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Cattle Breeds - Composite

Composite


History

Many breeds that are considered purebreds are actually composites if you go back far enough in time. The understanding of genetics involved in crossing breeds of cattle has progressed enormously in the last 15 years.

Photo courtesy of Stabiliser Cattle Company, www.bigbeef.co.uk
We now better understand the results of producing synthetic lines of cattle, which can be maintained on an ongoing basis when interbred, hence stabilising new composite breeds. So, Composite cattle are a range of new breeds or new lines of cattle bred specifically to improve hybrid vigour. They are also called synthetic, hybrid and stabiliser cattle.

A planned mating scheme is designed to combine the desirable traits of two or more breeds into one “package” (or composite). A more formal definition of a composite is a breed made up of at least two component breeds, designed to retain heterosis in future generations without crossbreeding and maintained as a purebred.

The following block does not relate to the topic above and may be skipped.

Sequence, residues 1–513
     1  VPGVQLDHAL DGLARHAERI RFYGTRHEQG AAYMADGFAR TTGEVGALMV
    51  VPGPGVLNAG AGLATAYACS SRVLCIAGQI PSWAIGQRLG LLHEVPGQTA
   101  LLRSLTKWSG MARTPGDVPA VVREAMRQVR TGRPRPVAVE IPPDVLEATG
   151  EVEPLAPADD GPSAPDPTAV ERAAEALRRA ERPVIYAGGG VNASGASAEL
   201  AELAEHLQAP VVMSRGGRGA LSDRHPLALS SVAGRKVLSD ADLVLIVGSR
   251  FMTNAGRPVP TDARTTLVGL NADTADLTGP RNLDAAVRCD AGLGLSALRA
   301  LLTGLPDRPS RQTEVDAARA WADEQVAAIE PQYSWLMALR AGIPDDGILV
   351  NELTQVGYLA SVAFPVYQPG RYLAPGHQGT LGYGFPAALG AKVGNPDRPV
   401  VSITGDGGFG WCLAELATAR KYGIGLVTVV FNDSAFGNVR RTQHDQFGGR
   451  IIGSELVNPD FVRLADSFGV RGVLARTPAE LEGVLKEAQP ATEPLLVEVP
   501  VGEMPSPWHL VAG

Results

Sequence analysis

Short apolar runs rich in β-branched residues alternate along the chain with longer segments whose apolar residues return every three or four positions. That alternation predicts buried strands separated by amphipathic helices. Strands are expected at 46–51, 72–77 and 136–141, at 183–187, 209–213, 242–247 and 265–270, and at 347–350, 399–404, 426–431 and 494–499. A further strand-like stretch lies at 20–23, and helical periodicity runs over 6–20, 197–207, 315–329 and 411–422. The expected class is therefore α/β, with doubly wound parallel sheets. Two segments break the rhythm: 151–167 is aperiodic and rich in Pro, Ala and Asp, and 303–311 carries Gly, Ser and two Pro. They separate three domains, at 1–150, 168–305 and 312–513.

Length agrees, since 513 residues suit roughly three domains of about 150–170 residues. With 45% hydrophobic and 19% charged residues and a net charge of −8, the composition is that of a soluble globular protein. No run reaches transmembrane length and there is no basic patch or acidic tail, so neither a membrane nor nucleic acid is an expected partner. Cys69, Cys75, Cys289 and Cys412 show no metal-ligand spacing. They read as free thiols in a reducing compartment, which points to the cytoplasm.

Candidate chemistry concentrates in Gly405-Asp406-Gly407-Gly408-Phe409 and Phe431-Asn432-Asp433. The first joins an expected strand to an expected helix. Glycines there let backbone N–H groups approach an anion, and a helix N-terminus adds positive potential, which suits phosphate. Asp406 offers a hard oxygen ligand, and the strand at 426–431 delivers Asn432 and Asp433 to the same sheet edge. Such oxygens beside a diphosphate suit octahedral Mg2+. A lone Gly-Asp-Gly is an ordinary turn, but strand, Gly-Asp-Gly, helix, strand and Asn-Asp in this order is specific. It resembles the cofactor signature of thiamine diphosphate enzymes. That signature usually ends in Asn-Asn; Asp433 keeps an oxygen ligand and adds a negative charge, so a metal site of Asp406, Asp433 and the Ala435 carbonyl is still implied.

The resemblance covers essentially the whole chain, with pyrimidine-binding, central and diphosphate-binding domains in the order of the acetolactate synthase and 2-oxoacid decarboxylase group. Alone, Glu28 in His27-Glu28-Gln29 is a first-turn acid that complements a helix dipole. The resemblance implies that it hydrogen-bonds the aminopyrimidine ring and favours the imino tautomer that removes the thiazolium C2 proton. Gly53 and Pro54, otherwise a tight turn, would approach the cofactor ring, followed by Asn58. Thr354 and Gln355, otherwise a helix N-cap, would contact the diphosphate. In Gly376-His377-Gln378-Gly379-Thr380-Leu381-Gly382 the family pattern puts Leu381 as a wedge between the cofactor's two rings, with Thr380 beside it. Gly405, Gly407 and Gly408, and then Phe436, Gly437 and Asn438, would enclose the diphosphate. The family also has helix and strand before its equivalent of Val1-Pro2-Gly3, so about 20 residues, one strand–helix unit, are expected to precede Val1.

Some composite breeds of beef cattle have their own breed associations with a governing body as well as herd book registration. Examples include the Bos indicus influenced cattle, such as Beefmaster, Brangus, Red Brangus, Braford, Santa Gertrudis. Many of these cattle have established themselves in a particular production environment.

Other composites may be considered to be more newly formed lines. Many are based on British and Continental breed combinations. Examples of some of the newly formed lines are Leachman Stabilizer, Leachman Rangemaker and the Noble Line. The genetic merit of composites relies on the performance-oriented breeders who have a commitment to carefully planning composite line development.

Characteristics


Photo courtesy of Stabiliser Cattle Company, www.bigbeef.co.uk
Composite cattle can be created and produced to fit many situations and requirements i.e.

  • Market traits
  • Paddock performance traits
  • Adaptation
  • Conformation
  • Colour
  • Fertility


  • Composites have several advantages over rotational crossbreeding. It is a simple system, which if done correctly can still enjoy most of the heterosis benefits on fertility and longevity.

    Statistics

  • Hybrid Vigour
  • Any trait selected

    Distribution

    Composite cattle and associations are popular in Europe, Australia and the US.

    References (the above information was cited from the following sites)

    www.compositebeef.com.au
    Composite Beef Breeds, University of Arkansas, Division of Agriculture, Brett Barham, Ph.D. Cooperative Extension www.uaex.edu
    www.bigbeef.co.uk
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